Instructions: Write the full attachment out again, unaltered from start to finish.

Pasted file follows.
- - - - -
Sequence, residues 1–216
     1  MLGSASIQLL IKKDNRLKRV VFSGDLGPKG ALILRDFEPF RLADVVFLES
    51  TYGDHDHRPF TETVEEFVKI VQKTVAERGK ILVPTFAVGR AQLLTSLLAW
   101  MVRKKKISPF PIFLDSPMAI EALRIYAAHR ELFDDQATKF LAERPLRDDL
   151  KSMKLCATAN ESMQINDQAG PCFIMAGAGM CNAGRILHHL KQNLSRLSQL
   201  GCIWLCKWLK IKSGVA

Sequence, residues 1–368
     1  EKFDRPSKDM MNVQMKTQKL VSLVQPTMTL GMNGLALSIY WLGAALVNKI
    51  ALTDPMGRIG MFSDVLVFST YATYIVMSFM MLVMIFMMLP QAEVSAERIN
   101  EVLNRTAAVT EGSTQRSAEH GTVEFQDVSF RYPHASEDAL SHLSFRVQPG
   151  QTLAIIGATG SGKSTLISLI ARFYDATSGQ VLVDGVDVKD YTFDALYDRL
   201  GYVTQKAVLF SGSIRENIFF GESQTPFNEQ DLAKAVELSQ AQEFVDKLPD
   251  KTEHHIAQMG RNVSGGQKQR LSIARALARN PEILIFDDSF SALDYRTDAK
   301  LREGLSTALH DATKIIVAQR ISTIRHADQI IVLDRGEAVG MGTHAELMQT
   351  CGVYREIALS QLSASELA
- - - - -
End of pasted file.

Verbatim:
Sequence, residues 1–216
     1  MLGSASIQLL IKKDNRLKRV VFSGDLGPKG ALILRDFEPF RLADVVFLES
    51  TYGDHDHRPF TETVEEFVKI VQKTVAERGK ILVPTFAVGR AQLLTSLLAW
   101  MVRKKKISPF PIFLDSPMAI EALRIYAAHR ELFDDQATKF LAERPLRDDL
   151  KSMKLCATAN ESMQINDQAG PCFIMAGAGM CNAGRILHHL KQNLSRLSQL
   201  GCIWLCKWLK IKSGVA

Sequence, residues 1–368
     1  EKFDRPSKDM MNVQMKTQKL VSLVQPTMTL GMNGLALSIY WLGAALVNKI
    51  ALTDPMGRIG MFSDVLVFST YATYIVMSFM MLVMIFMMLP QAEVSAERIN
   101  EVLNRTAAVT EGSTQRSAEH GTVEFQDVSF RYPHASEDAL SHLSFRVQPG
   151  QTLAIIGATG SGKSTLISLI ARFYDATSGQ VLVDGVDVKD YTFDALYDRL
   201  GYVTQKAVLF SGSIRENIFF GESQTPFNEQ DLAKAVELSQ AQEFVDKLPD
   251  KTEHHIAQMG RNVSGGQKQR LSIARALARN PEILIFDDSF SALDYRTDAK
   301  LREGLSTALH DATKIIVAQR ISTIRHADQI IVLDRGEAVG MGTHAELMQT
   351  CGVYREIALS QLSASELA